Why are there no women 'sustainability pioneers'?

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Why are there no women 'sustainability pioneers'?

Mountain peak by Dchauy via Shutterstock

When the Weinreb Group released our latest report, "Pioneers of Sustainability: Lessons from the Trailblazers", the outpouring of feedback regarding the gender imbalance of the Six Pioneers surprised me.

All of them were white men. When James Epstein-Reeves and I first developed the report, we predicted the gender outcome, but not the readers' response to it.

Clearly, something went wrong. In this article, I want to dive deeper into the data to identify how feminists such as us could author a report highlighting the achievements of six men and no women.

We first need to look at the gender balance along the three steps of the process: the nominators, the candidates they nominated and for whom they voted.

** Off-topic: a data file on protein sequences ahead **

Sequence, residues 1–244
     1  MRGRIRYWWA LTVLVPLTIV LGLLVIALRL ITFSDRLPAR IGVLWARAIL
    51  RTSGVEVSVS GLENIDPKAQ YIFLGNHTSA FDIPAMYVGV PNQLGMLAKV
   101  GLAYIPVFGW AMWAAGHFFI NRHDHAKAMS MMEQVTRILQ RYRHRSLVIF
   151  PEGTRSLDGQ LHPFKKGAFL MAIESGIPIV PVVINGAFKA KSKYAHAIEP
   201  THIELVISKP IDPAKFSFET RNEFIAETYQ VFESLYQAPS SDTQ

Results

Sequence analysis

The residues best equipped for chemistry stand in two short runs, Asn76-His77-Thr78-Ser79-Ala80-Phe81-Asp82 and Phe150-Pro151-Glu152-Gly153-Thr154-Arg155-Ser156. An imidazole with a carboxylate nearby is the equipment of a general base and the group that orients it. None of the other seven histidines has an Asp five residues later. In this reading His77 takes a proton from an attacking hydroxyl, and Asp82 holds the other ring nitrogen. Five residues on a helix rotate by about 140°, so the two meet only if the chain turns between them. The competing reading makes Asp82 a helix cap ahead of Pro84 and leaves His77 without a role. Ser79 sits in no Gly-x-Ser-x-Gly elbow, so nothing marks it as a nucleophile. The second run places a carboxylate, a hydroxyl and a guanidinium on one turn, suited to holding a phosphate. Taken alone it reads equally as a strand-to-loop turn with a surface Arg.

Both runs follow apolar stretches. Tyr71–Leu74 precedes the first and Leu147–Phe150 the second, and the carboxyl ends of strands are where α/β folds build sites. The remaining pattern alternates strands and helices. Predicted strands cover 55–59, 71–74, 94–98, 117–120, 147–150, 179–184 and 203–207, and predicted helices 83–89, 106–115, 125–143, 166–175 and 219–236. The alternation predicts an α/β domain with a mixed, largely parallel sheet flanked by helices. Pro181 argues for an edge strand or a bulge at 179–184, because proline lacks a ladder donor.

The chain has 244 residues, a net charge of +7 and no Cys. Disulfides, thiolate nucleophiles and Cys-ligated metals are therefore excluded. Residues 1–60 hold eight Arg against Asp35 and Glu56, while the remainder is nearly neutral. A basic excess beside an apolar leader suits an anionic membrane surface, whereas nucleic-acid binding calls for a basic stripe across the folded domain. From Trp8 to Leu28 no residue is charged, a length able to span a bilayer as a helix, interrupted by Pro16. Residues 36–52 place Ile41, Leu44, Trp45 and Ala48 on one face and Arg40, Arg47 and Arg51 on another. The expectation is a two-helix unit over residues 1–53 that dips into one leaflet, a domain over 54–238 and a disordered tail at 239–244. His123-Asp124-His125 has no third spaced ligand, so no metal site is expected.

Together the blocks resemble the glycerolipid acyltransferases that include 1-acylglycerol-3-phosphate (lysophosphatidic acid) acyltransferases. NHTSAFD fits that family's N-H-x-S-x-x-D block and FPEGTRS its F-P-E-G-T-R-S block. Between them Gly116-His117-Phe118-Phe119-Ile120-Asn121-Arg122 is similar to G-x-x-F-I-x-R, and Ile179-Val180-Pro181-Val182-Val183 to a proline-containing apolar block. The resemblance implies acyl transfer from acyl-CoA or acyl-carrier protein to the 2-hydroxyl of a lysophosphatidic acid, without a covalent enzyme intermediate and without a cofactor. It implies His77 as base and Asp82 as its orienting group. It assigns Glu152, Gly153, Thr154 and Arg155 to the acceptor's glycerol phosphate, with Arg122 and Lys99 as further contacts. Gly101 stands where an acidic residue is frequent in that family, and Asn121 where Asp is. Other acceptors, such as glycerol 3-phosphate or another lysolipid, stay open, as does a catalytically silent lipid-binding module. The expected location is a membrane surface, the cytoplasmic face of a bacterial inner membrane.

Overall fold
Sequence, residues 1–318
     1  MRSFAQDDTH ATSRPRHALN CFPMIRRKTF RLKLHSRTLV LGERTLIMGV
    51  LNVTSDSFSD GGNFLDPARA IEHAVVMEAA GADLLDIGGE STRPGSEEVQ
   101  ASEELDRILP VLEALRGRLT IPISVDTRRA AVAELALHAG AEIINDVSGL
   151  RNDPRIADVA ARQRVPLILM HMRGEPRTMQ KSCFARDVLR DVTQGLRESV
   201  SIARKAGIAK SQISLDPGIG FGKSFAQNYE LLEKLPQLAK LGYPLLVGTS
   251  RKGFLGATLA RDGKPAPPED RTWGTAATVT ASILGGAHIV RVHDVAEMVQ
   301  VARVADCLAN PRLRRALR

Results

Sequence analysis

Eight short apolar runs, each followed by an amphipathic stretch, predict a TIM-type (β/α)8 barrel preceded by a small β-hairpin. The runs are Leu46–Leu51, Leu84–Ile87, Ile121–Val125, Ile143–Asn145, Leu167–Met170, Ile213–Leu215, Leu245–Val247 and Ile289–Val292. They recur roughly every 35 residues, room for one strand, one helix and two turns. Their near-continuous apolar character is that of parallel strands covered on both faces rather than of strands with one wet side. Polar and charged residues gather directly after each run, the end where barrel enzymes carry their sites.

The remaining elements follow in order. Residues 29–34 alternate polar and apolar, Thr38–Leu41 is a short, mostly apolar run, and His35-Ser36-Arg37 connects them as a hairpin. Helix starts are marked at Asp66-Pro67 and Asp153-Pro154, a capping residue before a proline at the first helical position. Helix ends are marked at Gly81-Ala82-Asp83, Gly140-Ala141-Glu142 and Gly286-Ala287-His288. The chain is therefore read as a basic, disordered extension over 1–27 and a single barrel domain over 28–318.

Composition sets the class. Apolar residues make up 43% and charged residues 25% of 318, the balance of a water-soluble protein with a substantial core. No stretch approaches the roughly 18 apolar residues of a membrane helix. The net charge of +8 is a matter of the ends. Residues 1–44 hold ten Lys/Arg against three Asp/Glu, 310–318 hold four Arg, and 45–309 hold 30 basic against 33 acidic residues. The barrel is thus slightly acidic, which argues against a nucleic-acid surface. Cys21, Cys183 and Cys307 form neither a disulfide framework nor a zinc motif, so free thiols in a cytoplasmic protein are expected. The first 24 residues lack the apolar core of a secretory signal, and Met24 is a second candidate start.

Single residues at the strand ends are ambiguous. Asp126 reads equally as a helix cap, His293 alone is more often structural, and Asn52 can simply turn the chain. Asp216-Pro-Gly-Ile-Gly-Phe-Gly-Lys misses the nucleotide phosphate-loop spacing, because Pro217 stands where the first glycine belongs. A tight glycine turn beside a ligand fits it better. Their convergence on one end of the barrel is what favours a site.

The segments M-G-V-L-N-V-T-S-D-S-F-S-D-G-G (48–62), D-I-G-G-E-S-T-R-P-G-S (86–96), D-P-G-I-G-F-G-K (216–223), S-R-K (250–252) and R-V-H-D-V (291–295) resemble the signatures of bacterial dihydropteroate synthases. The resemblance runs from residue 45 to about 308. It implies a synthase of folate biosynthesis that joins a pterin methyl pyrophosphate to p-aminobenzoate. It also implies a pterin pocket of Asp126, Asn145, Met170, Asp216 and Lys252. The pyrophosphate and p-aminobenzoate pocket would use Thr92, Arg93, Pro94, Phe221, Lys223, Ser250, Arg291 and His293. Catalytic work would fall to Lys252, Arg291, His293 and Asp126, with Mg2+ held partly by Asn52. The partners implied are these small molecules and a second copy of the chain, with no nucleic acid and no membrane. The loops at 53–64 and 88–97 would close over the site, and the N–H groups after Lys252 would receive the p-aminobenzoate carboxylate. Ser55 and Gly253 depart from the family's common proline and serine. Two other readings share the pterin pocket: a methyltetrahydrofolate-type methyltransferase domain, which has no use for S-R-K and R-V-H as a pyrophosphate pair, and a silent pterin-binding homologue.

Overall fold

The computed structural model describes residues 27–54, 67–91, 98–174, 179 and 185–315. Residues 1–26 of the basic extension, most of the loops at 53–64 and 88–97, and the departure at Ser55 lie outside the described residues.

Gender balance during the nomination process

Only 31 percent of CSOs surveyed were women: The bias started at the very beginning of the project. To develop our Pioneers list, [PDF] we contacted the 35 chief sustainability officers identified in the Weinreb Group's 2013 "CSO Updated List" [PDF]. Of these 35 CSOs, 11 (31 percent) are women.

We asked the CSOs to nominate the individuals they considered as having the greatest influence on the field of sustainability. We encouraged them to nominate women. We also asked the CSOs to help us determine the definition of a "Pioneer." Two categories of Pioneers emerged, chief executive officers and thought leaders.